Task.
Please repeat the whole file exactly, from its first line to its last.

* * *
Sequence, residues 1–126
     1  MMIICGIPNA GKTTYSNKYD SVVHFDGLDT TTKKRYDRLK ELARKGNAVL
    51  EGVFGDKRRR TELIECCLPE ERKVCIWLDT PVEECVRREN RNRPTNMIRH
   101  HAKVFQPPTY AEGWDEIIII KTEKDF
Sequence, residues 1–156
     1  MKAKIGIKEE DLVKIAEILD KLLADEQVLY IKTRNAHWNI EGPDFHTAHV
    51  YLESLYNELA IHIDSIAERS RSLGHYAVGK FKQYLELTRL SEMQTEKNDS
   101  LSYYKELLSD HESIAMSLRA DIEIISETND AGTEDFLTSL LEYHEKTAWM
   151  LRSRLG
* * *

Sequence, residues 1–126
     1  MMIICGIPNA GKTTYSNKYD SVVHFDGLDT TTKKRYDRLK ELARKGNAVL
    51  EGVFGDKRRR TELIECCLPE ERKVCIWLDT PVEECVRREN RNRPTNMIRH
   101  HAKVFQPPTY AEGWDEIIII KTEKDF
Sequence, residues 1–156
     1  MKAKIGIKEE DLVKIAEILD KLLADEQVLY IKTRNAHWNI EGPDFHTAHV
    51  YLESLYNELA IHIDSIAERS RSLGHYAVGK FKQYLELTRL SEMQTEKNDS
   101  LSYYKELLSD HESIAMSLRA DIEIISETND AGTEDFLTSL LEYHEKTAWM
   151  LRSRLG